Archive for October, 2018

2030

Monday, October 8th, 2018

Summary:

The world’s leading climate scientists have warned there is only 12 years to be kept to a maximum of 1.5C and avoid catastrophic environmental breakdown.

The authors of the landmark report by the UN Intergovernmental Panel on Climate Change (IPCC) said urgent and unprecedented changes are needed to reach the target, which is affordable and feasible although it lies at the most ambitious end of the Paris agreement pledge to keep temperatures between 1.5C and 2C.

Debra Roberts, a co-chair of the IPCC working group, said: “It’s a line in the sand and what it says to our species is that this is the moment and we must act now. This is the largest clarion bell from the science community and I hope it mobilises people and dents the mood of complacency.”

Political leaders have been urged to act on the report. Christiana Figueres, the former UN climate chief who led the historic Paris agreement of 2015, said: “There is nothing opaque about this new data. The illustrations of mounting impacts, the fast-approaching and irreversible tipping points are visceral versions of a future that no policy-maker could wish to usher in or be responsible for.”

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https://www.theguardian.com/environment/live/2018/oct/08/ipcc-climate-change-report-urgent-action-fossil-fuels-live

ONLY SEEMLY by Guy Birchard

Friday, October 5th, 2018

Guy Birchard lives below the radar, perfectly disaffiliated, in Victoria, BC.
 
This writing is dedicated to Howard McCord, esteemed elder, in admiration for his consummate own. And to Bill Corbett, who can no more now be thanked enough. “Full circle, the open hand.”

The LADY From Kent!

Friday, October 5th, 2018

Last year I thought it was curtains for Pedlar. I had been searching for over three years for someone to join me, a successor, and had had no firm statement of interest from anyone. Then Monica Kidd restated hers—this time more vociferously—in 2017, and we began to have real talks. Then Linda Spalding said I mustn’t close Pedlar, especially not before I looked at The Lady From Kent by her friend Barbara Nichol. Twice nominated for a Juno award, winning for her platinum recording, “Beethoven Lives Upstairs,” and a finalist for an Emmy Award for “Basil Hears a Noise” (Sesame Street), and for Dippers, a Governor General’s Literary Award for Children’s Literature, Barbara Nichol is a powerhouse of zany enthusiasm for children and their stories, this new one written over many years with Post-it notes and a piecing together of scenes, like a giant jigsaw puzzle that she believed had only one right outcome.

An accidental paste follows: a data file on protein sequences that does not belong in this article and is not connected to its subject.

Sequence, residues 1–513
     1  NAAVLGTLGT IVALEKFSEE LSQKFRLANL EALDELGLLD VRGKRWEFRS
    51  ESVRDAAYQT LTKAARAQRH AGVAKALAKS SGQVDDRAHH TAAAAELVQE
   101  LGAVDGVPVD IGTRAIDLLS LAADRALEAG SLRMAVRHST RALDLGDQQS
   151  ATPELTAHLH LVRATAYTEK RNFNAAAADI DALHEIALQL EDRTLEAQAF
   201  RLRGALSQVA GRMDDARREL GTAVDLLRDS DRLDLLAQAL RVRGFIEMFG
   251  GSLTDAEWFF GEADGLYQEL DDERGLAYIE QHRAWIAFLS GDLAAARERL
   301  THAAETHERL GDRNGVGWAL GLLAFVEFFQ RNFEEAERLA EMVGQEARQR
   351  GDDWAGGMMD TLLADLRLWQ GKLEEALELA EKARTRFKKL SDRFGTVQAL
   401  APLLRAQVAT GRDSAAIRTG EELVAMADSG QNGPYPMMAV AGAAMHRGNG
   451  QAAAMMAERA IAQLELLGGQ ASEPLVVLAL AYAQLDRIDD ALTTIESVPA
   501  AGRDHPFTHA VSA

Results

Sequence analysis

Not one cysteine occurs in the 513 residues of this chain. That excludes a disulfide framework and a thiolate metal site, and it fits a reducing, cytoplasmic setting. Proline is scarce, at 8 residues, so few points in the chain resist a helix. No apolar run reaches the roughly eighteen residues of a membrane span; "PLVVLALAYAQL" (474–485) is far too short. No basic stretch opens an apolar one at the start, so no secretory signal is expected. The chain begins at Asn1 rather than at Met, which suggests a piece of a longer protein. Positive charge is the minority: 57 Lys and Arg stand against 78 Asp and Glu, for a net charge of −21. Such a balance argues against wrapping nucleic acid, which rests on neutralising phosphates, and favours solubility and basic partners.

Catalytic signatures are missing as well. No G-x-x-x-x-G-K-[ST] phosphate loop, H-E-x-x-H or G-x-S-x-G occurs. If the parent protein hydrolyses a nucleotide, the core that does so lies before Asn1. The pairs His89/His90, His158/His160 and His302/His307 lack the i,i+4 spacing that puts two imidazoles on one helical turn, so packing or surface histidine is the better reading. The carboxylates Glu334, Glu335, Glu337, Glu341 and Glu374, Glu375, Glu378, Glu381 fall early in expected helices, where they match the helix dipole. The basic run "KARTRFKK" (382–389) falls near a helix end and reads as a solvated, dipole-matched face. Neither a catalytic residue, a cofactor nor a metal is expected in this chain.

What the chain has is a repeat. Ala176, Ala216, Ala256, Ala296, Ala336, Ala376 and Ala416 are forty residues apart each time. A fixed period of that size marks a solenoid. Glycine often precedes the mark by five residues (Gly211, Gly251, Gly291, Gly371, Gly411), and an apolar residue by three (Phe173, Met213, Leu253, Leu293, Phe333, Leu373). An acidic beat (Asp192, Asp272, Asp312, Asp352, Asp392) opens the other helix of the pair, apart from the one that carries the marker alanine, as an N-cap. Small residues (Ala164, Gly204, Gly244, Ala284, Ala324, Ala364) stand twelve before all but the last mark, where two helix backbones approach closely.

Everything coalesced. Barbara and I asked ourselves who would be the right person to illustrate the book. We wanted a light and playful hand. Enter Bill Pechet, who holds a professional degree in architecture from the University of British Columbia School of Architecture, who is a lecturer-in-practice at UBC, and who has illustrated Bill Richardson books. I called designer Zab Hobart out of Pedlar retirement, asking her to turn her genius lights on this project.

There is a queer sensibility at base in this book of delights, and the perceptive reader will notice many tiny illustrative flourishes Bill Pechet has added on many pages. For example, here’s the Lady training for walking marathons:

11 kent final

 

 

And here is the Lady’s pal raccoon, playing spoons? Or is it bones? With a framed photo on the wall of—well, what is that, exactly?

Kent Dr 2a

 

The delight I had while making JonArno Lawson’s books (illustrated by Sherwin Tjia), Black Stars in a White Night Sky and Man in the Moon-Fixer’s Mask came back with a powerful surge, as did the very painful memory of how little support Pedlar received from mainstream media outlets, even after Lawson and Tjia won the very prestigious Lion & The Unicorn Award for Excellence in North American Children’s Literature, adjudicated through Johns Hopkins University. We took on this project knowing we would have to fight for its proper place in literary history, as all too often the works from literary houses are seen as less important and therefore less noteworthy. Pedlar goes into this fall season with eyes wide open for anyone who looks the least bit interested in helping what we think could turn out to be a classic children’s book fall into many right hands.

 

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Nichol

Barbara Nichol has written nine children’s books, is an essayist, dramatist for radio and television, comedy writer, songwriter, and, for many years, a documentarian for the CBC program, Ideas.

Photo by Tess Steinkolk